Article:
Michael Herson, the CEO of American Defense International, a Washington defense lobbying firm, called Visclosky’s upcoming departure, “a big loss for the defense world.”

“Pete Visclosky was a friend of the defense industry. I always felt him to be an honest broker, accessible and a straight shooter,” Herson said. “He fought he good fight and always encouraged us to talk to members and influence members.”

Of McCollum, Herson said: “I like Betty a lot, and she has engaged the industry. Her staff has always been accessible and knowledgeable, and I think she would be a great subcommittee chair.”

In a statement, Lowey hailed Visclosky as one of the committee’s most respected voices, and a “champion for the women and men of our Armed Forces, and a supporter of a robust mix of defense, diplomacy, and development to keep our nation safe and strong.”

Though Visclosky’s seat was considered safely Democratic, the Times of Northwest Indiana reported that Hammond, Ind., Mayor Thomas McDermott Jr., was eyeing a primary challenge against him. After Visclosky’s announcement, McDermott immediately announced his intention to run for the seat.

In recent months, Visclosky joined other Democrats in their public criticism of Trump administration efforts to divert defense funding to his U.S.-Mexico border wall project―an issue that remains at the center of a partisan deadlock on the defense spending and policy bills for 2020.

In March, Visclosky made public a letter denying a $1bn reprogramming request from the Pentagon to support the Department of Homeland Security’s request to build border barriers.

Visclosky also spoke up several months ago in favor of repealing the administration’s limitations on transgender service members. “With so much anger and so much hate in this world today, it is time to be kind to people,” he said. (Source: Defense News)

05 Nov 19. Without Effective AI, Military Risks Losing Next War, Says AI Director. A next war against a near-peer competitor will be fast, chaotic and shockingly bloody, the director of the Joint Artificial Intelligence Center said. Air Force Lt. Gen. Jack Shanahan spoke at the National Security Commission on Artificial Intelligence today in Washington.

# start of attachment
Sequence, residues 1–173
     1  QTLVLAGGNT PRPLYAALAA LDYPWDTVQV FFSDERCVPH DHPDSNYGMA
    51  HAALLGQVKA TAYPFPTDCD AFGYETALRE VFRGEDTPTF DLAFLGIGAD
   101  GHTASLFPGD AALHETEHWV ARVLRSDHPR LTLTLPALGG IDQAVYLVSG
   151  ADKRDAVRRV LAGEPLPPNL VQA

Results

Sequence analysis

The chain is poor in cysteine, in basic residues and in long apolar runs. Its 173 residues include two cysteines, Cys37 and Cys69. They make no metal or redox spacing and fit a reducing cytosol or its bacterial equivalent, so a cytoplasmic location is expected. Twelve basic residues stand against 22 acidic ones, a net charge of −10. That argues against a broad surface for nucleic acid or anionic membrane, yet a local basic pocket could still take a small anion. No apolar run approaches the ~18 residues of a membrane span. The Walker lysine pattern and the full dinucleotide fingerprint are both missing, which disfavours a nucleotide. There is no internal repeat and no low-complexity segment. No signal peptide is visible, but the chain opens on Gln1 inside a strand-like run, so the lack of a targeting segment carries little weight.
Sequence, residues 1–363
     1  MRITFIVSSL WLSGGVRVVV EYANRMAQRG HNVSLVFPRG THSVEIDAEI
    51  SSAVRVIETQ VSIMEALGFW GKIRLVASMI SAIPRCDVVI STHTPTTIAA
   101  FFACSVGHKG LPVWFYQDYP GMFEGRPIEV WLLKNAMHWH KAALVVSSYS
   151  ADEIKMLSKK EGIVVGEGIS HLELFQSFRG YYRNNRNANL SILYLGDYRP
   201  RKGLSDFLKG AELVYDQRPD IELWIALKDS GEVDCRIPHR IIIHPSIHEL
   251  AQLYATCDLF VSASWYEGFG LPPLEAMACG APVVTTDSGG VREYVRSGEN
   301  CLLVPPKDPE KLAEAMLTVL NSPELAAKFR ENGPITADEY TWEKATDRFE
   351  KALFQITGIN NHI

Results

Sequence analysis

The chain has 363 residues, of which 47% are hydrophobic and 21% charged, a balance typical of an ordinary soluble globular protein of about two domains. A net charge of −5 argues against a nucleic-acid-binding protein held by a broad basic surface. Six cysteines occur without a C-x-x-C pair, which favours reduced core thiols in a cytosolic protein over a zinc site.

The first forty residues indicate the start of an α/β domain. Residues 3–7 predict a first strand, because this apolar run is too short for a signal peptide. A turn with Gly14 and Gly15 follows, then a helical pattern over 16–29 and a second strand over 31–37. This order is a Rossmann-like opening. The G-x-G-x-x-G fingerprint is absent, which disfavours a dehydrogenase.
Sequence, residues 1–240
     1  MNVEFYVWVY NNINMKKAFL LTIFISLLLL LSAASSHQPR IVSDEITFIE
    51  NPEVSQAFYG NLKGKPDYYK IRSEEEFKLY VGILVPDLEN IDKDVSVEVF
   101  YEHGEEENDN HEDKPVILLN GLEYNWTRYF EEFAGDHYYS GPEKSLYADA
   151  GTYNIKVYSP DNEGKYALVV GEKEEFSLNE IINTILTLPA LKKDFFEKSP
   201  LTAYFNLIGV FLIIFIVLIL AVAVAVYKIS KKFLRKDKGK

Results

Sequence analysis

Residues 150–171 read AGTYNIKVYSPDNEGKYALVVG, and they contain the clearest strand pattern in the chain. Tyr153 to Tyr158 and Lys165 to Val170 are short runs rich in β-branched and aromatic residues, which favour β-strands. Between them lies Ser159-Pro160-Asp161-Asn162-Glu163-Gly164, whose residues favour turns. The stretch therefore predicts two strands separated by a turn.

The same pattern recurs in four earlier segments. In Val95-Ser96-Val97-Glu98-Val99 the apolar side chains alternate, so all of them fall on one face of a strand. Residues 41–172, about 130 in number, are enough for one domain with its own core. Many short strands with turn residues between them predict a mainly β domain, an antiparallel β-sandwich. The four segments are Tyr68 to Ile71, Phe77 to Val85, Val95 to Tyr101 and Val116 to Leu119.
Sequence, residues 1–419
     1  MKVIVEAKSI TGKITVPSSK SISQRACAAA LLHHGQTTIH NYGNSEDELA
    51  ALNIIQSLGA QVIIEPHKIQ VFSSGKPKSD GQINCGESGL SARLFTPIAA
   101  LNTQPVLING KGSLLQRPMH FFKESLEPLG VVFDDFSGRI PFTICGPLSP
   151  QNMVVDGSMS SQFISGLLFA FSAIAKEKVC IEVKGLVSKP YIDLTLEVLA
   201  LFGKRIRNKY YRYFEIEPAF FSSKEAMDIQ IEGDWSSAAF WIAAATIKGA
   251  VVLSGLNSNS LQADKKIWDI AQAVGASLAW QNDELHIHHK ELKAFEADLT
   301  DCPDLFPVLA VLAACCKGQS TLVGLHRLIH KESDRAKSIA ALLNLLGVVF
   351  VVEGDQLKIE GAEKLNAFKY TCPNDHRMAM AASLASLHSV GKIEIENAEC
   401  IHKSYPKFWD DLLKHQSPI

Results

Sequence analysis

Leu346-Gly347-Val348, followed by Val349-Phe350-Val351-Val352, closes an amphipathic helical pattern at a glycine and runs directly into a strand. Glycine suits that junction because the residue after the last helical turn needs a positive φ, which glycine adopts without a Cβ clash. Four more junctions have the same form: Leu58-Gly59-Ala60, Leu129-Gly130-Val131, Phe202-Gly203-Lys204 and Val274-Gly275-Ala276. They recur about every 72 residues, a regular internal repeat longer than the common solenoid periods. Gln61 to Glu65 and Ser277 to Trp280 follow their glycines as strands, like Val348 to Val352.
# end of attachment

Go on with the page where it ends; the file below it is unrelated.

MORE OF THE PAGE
The side with the best AI algorithms will put the other side at an extreme disadvantage, he said, particularly regarding the speed of battlefield decision making. Shanahan described such a future battle as “algorithms vs. algorithms,” with the best algorithm victorious.

In the future battle scenario, Shanahan said events will move so quickly that a traditional chain of command won’t work. Junior, frontline troops will need to be empowered to make the decisions and to adjust AI algorithms on the fly.

This decentralization of command entails higher risks and consequences, he said, but without it, “we risk losing the fight.”

To get to the best AI, the department must rely on industry and academia, which are much further along in this endeavor than the DOD, he said.

Shanahan said there are lessons learned from Google’s unwillingness to continue working with the DOD on Project Maven last year. The project had to do with AI’s use in intelligence, surveillance and reconnaissance operations.

There needs to be a shared sense of responsibility and vision, along with trust and transparency from the DOD and industry, he said. “National security depends on it.”

Another step to take in adopting the best of industry’s AI is for service members to work directly in industry and academia and to bring AI experts from industry and academia into the DOD. “That’s already happening but we need to scale that up,” he said. “Peer-to-peer discussions and personal relationships matter.”

Lastly, Shanahan said an important step that was taken last week was the Defense Innovation Board coming up with a set of AI ethical principles, which he said are excellent.

The DOD will act on the Defense Innovation Board’s recommendations and then there will be deliberations on implementing them if the recommendations are accepted. “Implementation is not an overnight task,” he said. The ethical use of AI by the military in training, research, product development and operations should inspire confidence in the industry that the department is making ethical use of this new technology.  “China and Russia didn’t hold public hearings on the ethical use of their AI and I never expect them to do this,” he added. (Source: US DoD)